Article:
|Matthew Henry's Concise Commentary|
41:1-34 Concerning Leviathan. - The description of the Leviathan, is yet further to convince Job of his own weakness, and of God's almighty power. Whether this Leviathan be a whale or a crocodile, is disputed. The Lord, having showed Job how unable he was to deal with the Leviathan, sets forth his own power in that mighty creature. If such language describes the terrible force of Leviathan, what words can express the power of God's wrath? Under a humbling sense of our own vileness, let us revere the Divine Majesty; take and fill our allotted place, cease from our own wisdom, and give all glory to our gracious God and Saviour. Remembering from whom every good gift cometh, and for what end it was given, let us walk humbly with the Lord.
Verse 8 - Lay thine hand upon him, remember the battle, do no more. This is again ironical, like vers. 3-6. "Only just put forth thy hand against him - bethink thee of war - do it once and no more." (comp. Rosenmuller, 'Scholia in Jobum,' p. 976). The idea is that once will be enough. A man will not live to do it a second time.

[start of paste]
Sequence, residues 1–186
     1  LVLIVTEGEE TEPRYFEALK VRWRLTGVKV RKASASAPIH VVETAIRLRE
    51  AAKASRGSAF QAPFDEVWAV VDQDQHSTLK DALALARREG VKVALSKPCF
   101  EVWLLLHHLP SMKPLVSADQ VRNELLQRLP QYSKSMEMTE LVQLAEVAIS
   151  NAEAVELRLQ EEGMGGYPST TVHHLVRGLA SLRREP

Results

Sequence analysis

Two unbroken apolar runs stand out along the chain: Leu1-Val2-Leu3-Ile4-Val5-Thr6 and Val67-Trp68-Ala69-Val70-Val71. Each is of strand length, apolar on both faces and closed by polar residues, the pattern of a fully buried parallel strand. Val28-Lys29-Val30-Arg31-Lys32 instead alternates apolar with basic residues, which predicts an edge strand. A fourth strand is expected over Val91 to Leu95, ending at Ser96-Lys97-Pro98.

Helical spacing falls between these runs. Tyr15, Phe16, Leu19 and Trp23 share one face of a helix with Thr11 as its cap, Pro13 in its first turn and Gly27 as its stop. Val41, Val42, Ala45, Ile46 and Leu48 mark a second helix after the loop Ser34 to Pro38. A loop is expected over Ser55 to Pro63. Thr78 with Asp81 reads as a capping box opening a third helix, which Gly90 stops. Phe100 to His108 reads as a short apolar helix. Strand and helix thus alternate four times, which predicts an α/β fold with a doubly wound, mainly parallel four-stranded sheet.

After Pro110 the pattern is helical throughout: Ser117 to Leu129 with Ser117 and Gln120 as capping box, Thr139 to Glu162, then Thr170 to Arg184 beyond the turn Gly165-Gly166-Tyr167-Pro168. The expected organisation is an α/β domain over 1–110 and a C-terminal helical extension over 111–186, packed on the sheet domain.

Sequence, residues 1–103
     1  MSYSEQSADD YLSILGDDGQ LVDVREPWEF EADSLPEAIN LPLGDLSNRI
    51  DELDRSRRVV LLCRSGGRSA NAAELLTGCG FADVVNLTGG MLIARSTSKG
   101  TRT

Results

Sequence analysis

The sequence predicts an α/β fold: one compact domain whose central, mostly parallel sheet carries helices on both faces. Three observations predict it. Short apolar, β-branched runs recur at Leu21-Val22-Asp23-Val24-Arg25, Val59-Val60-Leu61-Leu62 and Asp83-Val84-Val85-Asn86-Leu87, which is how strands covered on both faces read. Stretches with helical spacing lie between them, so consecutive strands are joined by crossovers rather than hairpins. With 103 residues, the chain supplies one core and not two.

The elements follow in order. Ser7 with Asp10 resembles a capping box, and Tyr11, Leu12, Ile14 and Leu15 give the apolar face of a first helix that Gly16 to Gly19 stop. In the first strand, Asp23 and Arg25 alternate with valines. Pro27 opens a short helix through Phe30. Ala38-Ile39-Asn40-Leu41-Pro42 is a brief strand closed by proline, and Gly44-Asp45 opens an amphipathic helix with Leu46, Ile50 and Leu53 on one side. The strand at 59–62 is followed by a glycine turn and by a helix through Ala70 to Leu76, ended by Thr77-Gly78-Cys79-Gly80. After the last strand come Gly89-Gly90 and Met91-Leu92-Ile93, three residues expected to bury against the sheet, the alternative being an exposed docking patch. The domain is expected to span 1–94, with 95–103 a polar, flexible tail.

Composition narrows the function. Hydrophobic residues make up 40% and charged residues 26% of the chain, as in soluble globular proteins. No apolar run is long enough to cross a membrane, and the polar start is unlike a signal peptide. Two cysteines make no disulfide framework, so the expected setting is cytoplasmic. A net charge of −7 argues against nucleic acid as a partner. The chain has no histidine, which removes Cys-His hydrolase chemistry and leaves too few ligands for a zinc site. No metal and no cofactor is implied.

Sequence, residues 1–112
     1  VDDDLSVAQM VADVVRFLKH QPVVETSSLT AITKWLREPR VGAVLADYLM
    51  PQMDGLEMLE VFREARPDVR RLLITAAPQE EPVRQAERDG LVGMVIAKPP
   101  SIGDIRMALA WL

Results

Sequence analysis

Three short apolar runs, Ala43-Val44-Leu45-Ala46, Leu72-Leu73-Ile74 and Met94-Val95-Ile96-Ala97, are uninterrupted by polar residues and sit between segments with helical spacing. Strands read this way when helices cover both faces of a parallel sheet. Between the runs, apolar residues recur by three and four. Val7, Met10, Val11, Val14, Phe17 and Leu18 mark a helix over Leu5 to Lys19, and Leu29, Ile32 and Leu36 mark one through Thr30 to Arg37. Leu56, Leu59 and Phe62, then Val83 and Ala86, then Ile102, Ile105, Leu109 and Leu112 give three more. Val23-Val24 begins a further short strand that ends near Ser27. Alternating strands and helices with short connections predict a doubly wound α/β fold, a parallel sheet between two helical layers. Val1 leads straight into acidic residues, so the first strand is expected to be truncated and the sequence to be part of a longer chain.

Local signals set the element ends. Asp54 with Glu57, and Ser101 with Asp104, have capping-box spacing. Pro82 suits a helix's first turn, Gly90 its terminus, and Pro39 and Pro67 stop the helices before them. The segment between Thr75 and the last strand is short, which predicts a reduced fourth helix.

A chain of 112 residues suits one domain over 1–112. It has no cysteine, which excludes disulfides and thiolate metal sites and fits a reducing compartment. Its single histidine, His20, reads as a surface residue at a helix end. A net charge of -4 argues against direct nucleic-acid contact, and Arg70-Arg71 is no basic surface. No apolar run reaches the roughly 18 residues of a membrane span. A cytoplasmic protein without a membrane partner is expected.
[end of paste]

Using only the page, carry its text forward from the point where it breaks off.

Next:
Gill's Exposition of the Entire Bible
Lay thine hand upon him,.... If thou canst or darest. It is dangerous so to do, either to the whale or crocodile;
remember the battle; or "look for war", as Mr. Broughton renders it; expect a fight will ensue, in which thou wilt have no share with this creature:
do no more; if thou canst by any means escape, take care never to do the like again; or thou wilt never do so any more, thou wilt certainly die for it.
Jamieson-Fausset-Brown Bible Commentary
8. If thou lay … thou wilt have reason ever to remember … and thou wilt never try it again.
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